“I Couldn’t Get to Campus, Buy the Book, Access the Web:” Looking Beyond the Excuses

“I Couldn’t Get to Campus, Buy the Book, Access the Web:” Looking Beyond the Excuses

Marisa Vernon
Columbus State Community College

Community Campus, Community Challenges

Open access was not a foreign concept to me when I stepped into an administrative position at a large, urban community college. Previous to my current position, I had faced challenges serving the masses at an open access regional campus of a public research institution. Through this experience, I became accustomed to motivating students with low placement scores, identifying resources for low-income students, and helping students remove the barriers that initially stood in between them and academic success. In fact, this type of challenging student affairs work was precisely the reason I zoned in on community college opportunities when the time came to take the next professional step.

Now, two years after taking that step, I find myself less and less prepared to handle the issues brought to me through the open gateway. The reason for this sense is not due to incompetence, or a lack of understanding of student barriers in open access institutions. Rather, student stories have become deeper and more complex as I have learned to ask a few more questions, and no longer settle for short, simple answers. Suddenly, the student who has been dropped for non-attendance is not just a lazy, unmotivated student in need of more academic advising. The dismissed student pleading her case to the Academic Review Board may not be just another student who did not bother to access tutoring, and the student struggling to make ends meet did not necessarily misuse his or her financial aid package.

The community college environment does not provide student support professionals the luxury of focusing conversations solely on academics, and professionals entering the two year college environment should consider this component carefully. Our students’ lives are intertwined with their educational experience in unique ways the traditional student experience may not reflect. While the traditional student joins his or her peers in rituals such as purchasing extra-long twin sheets, packing for overnight orientations, and anticipating roommate assignments, a significant number of community college students jump headfirst into their education without laying the appropriate foundation to be successful. In many ways, community college students are often extraordinary time managers, weaving class in with multiple jobs, children, and other complexities. In other ways, community college students are regularly only one misstep away from watching the carefully constructed tower come tumbling down.

Removing the Invisible Barriers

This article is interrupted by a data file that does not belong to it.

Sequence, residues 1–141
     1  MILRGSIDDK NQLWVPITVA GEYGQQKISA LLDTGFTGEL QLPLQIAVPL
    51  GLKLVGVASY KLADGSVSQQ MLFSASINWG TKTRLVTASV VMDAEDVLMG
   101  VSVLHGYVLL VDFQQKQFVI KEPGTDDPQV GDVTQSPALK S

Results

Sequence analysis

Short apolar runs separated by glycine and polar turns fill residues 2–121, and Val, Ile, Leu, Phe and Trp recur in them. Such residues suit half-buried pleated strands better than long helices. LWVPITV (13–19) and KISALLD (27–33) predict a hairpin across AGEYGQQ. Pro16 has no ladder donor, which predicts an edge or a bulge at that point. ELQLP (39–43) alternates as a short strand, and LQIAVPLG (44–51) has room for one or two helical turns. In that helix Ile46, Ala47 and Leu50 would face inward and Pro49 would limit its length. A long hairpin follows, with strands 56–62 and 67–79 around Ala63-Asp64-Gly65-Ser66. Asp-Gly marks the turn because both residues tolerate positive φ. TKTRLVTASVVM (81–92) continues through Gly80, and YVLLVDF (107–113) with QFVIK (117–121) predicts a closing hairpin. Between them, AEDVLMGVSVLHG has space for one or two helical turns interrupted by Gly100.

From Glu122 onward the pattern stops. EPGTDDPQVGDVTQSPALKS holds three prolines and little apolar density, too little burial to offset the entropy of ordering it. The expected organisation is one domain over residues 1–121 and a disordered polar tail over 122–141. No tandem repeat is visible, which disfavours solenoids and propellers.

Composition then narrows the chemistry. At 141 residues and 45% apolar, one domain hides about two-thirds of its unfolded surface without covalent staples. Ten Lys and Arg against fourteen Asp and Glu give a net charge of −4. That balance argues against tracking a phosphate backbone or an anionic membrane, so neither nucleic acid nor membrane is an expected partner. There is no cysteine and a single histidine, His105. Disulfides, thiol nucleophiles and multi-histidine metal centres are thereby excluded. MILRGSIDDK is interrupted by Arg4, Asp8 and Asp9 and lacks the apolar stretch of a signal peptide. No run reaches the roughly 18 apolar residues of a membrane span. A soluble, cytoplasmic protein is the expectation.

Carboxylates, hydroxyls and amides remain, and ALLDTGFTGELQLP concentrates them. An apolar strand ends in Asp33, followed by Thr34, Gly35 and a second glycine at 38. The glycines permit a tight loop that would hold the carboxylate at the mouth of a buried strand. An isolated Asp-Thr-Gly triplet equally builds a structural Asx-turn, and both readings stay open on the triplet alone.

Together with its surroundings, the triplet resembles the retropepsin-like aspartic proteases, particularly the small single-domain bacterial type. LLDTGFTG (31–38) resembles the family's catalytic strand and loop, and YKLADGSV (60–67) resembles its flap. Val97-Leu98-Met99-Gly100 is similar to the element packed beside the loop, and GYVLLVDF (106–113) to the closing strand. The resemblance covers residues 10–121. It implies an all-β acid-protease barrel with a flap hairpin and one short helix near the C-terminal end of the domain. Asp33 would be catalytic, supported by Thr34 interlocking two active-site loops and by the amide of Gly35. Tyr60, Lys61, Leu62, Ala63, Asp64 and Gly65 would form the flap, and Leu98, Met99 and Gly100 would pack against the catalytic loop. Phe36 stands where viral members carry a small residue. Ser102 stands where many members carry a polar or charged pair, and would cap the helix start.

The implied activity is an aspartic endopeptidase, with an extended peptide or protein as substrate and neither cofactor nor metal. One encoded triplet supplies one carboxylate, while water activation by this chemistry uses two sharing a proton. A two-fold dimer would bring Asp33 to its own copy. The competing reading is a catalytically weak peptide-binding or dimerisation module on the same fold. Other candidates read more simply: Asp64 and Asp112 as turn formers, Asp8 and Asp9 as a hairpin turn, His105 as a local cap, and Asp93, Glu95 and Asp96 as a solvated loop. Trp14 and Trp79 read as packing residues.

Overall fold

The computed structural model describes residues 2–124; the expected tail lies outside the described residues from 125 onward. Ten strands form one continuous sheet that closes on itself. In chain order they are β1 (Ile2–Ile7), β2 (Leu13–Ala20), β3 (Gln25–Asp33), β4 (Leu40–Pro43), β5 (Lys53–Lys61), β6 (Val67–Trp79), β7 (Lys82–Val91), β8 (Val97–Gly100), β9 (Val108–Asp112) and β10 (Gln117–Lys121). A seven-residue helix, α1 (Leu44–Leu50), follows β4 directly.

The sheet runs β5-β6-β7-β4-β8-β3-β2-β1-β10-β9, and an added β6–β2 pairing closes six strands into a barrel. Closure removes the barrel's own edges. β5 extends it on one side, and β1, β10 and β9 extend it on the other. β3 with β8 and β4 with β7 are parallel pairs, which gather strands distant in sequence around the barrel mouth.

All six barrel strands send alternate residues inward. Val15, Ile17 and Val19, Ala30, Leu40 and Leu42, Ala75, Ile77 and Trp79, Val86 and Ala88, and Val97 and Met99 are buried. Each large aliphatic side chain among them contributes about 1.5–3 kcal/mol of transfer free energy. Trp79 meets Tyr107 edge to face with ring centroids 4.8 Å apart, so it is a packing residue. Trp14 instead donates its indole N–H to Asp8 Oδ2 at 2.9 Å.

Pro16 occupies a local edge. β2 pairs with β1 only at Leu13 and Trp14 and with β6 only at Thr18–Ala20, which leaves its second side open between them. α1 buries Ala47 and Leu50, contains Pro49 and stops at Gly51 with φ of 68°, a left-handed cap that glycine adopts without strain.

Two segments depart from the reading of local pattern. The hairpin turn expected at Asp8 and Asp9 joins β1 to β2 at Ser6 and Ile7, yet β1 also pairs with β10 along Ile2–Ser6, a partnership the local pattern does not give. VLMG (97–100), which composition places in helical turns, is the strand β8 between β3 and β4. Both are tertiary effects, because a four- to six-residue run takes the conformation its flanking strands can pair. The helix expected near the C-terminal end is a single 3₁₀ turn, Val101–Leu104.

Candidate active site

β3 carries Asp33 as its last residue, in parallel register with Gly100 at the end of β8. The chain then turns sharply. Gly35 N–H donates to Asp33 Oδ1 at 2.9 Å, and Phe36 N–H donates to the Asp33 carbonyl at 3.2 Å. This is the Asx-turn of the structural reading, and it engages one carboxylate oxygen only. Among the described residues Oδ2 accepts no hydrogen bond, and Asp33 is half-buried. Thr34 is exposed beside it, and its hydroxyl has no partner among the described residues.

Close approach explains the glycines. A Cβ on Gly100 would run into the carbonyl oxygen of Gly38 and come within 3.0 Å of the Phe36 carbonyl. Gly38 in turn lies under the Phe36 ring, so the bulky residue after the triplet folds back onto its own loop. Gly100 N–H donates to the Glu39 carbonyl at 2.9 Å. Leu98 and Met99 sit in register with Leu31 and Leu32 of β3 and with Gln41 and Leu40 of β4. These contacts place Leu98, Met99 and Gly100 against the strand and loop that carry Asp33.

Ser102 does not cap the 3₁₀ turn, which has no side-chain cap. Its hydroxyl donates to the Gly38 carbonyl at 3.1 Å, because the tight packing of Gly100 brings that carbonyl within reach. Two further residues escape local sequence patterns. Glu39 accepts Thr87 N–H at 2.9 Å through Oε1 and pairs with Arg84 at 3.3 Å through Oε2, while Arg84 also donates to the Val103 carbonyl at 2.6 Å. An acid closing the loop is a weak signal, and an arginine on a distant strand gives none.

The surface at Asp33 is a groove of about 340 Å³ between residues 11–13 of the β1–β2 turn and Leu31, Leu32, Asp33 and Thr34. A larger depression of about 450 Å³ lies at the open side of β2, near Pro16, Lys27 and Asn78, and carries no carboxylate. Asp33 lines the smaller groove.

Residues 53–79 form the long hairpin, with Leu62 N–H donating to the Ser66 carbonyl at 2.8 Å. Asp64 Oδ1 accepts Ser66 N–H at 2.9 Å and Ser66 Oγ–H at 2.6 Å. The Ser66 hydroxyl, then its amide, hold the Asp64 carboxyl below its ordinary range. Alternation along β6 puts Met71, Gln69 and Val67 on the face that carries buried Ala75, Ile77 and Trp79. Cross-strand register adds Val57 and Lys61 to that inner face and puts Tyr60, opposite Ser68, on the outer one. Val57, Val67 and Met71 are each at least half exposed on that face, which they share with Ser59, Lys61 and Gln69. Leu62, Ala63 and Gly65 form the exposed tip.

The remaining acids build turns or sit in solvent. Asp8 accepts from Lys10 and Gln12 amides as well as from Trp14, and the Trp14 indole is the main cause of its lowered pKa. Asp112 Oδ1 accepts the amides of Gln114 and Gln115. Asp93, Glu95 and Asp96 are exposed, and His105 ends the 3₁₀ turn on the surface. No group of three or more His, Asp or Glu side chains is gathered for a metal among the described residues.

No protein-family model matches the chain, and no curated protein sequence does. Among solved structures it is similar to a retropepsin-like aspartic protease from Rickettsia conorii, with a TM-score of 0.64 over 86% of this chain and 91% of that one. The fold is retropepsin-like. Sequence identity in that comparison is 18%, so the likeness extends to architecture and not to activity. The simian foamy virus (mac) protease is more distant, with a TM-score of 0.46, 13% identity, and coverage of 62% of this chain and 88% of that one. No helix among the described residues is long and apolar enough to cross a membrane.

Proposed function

The individuals on the Academic Advising team I supervise genuinely enjoy student interactions, often stating that the conversation surrounding the structure of course planning, grade point averages, and deadlines is what keeps them motivated to continue working with a tough community college population. Often, when an Advisor has become unmotivated or overwhelmed, I find myself reminding them to take the time to really view each student as a story and to ask probing questions to find the real reason a student may be succeeding or struggling. When working with students this way, however, Advisors and other student affairs professionals need to be prepared for what may be revealed by the student.

Recently, a distressed student arrived in our office just before the end of walk-in hours. She had been dropped from classes in the fourth week of the term due to non-attendance, a routine scenario by any Advisor’s standards. Rather than launching into the steps by which the student could be re-enrolled, or referring to another office, the student was prompted for more information. Ultimately, the student revealed she had been enrolled in online course sections, though a recent change in her living situation had prevented her from accessing her online materials. Likewise, the student’s un-enrolled status would shortly impact her financial situation as well, and she feared an eviction notice would be arriving next.

While this situation may seem extreme to some, it is all too common in a community college setting where student success often hinges delicately upon fragile life circumstances. Within a setting that often serves as the first rung towards upward mobility, students’ lives are not always stabilized enough to support academic focus. However, open access to education provides students in dire life circumstances with a pathway to realistically transform hope into tangible progress.

In many community college settings, student affairs departments take on unexpected roles as basic need providers. As stories of hunger, lack of transportation, homelessness, and financial distress surface during advising appointments, financial aid interactions, and student life activities, the College is often faced with a decision to respond or turn a blind eye. Strategic student success conversations only scratch a superficial surface if these issues are not discussed.